# Jill walked #8 1/8# miles to a park and then #7 2/5# miles home. How many miles did she walk in all?

Okay, I think the easiest way to approach this problem is to first convert the mixed fractions to irregular fractions:

We want the total number of miles, so our equation is:

The LCD of 5 and 8 is 5*8=40, so:

Hope this helps!

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She walked

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We can do this a couple of ways.

Improper fractions

Now we need to have the denominators be the same:

And now we divide it back out:

We can avoid the large numbers by adding the whole numbers first, then adding the fractions:

And now we add the fractions by finding a common denominator:

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To find out how many miles Jill walked in total, you simply add the distance she walked to the park and the distance she walked back home.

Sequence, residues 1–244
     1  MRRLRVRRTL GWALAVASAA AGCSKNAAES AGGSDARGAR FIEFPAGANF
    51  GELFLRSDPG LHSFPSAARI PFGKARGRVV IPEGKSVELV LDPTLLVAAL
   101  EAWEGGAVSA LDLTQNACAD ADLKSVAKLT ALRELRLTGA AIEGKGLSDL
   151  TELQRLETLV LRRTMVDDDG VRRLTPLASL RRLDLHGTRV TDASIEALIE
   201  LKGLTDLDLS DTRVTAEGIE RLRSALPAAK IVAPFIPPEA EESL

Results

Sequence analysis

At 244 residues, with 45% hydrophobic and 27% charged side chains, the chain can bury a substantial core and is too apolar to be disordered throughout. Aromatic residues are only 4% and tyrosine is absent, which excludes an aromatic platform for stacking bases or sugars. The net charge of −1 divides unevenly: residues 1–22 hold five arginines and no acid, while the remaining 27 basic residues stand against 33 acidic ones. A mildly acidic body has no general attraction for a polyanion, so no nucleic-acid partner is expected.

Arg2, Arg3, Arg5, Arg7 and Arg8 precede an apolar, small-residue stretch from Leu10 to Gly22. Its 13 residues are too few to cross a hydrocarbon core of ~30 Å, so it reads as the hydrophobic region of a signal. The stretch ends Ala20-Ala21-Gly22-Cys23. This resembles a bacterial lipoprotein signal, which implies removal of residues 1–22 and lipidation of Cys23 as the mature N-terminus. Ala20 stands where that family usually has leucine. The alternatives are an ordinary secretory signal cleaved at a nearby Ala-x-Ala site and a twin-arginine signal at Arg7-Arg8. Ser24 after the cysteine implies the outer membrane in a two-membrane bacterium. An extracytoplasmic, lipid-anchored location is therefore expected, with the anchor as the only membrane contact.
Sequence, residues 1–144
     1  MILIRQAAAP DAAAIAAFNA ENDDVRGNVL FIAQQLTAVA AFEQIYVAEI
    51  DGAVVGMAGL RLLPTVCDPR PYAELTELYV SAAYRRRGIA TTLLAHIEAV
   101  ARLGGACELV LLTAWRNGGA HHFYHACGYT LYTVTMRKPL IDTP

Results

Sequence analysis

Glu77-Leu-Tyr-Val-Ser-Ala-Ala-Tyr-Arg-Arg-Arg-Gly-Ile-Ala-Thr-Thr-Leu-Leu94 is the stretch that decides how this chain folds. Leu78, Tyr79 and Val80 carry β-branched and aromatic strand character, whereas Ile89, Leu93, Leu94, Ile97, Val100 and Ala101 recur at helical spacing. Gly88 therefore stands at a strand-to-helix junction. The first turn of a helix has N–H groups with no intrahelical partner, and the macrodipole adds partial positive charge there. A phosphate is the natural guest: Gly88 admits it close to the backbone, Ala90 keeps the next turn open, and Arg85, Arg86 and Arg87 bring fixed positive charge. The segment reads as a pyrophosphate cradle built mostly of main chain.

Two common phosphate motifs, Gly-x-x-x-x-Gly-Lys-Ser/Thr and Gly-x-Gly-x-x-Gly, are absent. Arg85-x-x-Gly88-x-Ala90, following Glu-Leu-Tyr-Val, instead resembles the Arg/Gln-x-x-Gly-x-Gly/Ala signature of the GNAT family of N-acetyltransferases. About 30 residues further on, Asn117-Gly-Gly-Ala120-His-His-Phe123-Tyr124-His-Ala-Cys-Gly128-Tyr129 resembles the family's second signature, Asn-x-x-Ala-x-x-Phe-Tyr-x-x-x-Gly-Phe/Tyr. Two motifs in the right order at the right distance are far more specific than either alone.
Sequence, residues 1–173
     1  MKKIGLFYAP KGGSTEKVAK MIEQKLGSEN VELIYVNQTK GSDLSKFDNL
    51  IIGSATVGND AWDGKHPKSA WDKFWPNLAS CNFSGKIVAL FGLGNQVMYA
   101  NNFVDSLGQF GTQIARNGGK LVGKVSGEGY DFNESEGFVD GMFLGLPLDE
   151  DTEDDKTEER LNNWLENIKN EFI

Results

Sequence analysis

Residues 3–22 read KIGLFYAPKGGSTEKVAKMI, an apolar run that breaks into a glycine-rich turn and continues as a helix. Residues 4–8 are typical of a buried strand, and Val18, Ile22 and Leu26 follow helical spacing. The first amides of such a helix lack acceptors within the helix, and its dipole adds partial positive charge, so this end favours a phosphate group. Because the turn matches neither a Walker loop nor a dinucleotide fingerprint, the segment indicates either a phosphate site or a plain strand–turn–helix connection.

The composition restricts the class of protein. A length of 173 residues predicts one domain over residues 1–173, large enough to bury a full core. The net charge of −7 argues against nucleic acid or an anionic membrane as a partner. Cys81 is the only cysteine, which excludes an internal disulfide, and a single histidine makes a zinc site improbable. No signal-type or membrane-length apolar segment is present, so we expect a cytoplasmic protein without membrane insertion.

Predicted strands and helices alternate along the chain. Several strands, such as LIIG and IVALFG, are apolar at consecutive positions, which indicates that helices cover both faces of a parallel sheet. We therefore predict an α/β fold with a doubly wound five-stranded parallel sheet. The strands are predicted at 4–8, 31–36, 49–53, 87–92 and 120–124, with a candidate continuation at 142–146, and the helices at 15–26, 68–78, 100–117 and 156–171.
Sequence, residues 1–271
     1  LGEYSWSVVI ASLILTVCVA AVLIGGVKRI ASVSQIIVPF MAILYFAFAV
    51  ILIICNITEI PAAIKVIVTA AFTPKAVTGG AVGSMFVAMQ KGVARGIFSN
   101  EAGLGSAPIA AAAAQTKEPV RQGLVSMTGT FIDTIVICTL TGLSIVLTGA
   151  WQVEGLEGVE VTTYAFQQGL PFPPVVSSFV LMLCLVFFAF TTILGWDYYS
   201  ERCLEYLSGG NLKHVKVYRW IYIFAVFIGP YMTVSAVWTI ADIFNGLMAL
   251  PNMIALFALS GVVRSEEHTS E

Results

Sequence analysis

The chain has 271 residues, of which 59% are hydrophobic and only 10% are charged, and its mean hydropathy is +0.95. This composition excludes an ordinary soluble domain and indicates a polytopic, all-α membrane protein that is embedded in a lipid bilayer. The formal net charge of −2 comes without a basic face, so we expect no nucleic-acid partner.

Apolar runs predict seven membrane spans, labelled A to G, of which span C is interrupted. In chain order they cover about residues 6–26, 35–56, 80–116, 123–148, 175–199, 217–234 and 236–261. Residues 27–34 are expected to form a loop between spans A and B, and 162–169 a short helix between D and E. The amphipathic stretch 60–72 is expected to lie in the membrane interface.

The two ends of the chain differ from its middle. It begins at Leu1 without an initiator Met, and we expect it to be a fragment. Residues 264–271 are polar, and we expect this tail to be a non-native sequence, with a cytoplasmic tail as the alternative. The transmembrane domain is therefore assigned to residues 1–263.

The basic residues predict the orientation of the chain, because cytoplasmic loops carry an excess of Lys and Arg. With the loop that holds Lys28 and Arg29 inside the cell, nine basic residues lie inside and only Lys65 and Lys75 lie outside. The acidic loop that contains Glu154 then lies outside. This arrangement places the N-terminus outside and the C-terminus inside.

Distance walked to the park = 8 1/8 miles Distance walked home = 7 2/5 miles

To add these distances, you can convert the mixed numbers to improper fractions:

8 1/8 miles = 8 + 1/8 = 8 + 1/8 = 8 + 1/8 = 65/8 miles 7 2/5 miles = 7 + 2/5 = 7 + 2/5 = 7 + 2/5 = 37/5 miles

Now, add the distances:

65/8 miles + 37/5 miles = (65 * 5)/(8 * 5) + (37 * 8)/(5 * 8) = 325/40 + 296/40 = (325 + 296)/40 = 621/40 miles

So, Jill walked a total of 621/40 miles.

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When evaluating a one-sided limit, you need to be careful when a quantity is approaching zero since its sign is different depending on which way it is approaching zero from. Let us look at some examples.

When evaluating a one-sided limit, you need to be careful when a quantity is approaching zero since its sign is different depending on which way it is approaching zero from. Let us look at some examples.

When evaluating a one-sided limit, you need to be careful when a quantity is approaching zero since its sign is different depending on which way it is approaching zero from. Let us look at some examples.

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